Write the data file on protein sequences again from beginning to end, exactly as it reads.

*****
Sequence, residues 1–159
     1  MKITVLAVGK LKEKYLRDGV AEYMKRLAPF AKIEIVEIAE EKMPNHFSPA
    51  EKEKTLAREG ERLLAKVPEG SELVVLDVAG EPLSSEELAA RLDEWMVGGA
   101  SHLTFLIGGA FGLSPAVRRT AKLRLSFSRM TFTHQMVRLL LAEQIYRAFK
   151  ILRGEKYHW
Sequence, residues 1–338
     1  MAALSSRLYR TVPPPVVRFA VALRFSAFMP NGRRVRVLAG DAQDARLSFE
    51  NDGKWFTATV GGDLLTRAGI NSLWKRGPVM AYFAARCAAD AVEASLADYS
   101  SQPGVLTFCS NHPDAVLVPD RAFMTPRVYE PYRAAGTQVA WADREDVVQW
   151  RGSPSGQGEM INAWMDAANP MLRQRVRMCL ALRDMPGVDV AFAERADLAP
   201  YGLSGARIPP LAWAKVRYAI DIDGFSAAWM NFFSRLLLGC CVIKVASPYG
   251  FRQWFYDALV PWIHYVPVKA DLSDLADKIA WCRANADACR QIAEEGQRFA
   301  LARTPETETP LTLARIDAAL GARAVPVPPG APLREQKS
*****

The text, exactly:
Sequence, residues 1–159
     1  MKITVLAVGK LKEKYLRDGV AEYMKRLAPF AKIEIVEIAE EKMPNHFSPA
    51  EKEKTLAREG ERLLAKVPEG SELVVLDVAG EPLSSEELAA RLDEWMVGGA
   101  SHLTFLIGGA FGLSPAVRRT AKLRLSFSRM TFTHQMVRLL LAEQIYRAFK
   151  ILRGEKYHW
Sequence, residues 1–338
     1  MAALSSRLYR TVPPPVVRFA VALRFSAFMP NGRRVRVLAG DAQDARLSFE
    51  NDGKWFTATV GGDLLTRAGI NSLWKRGPVM AYFAARCAAD AVEASLADYS
   101  SQPGVLTFCS NHPDAVLVPD RAFMTPRVYE PYRAAGTQVA WADREDVVQW
   151  RGSPSGQGEM INAWMDAANP MLRQRVRMCL ALRDMPGVDV AFAERADLAP
   201  YGLSGARIPP LAWAKVRYAI DIDGFSAAWM NFFSRLLLGC CVIKVASPYG
   251  FRQWFYDALV PWIHYVPVKA DLSDLADKIA WCRANADACR QIAEEGQRFA
   301  LARTPETETP LTLARIDAAL GARAVPVPPG APLREQKS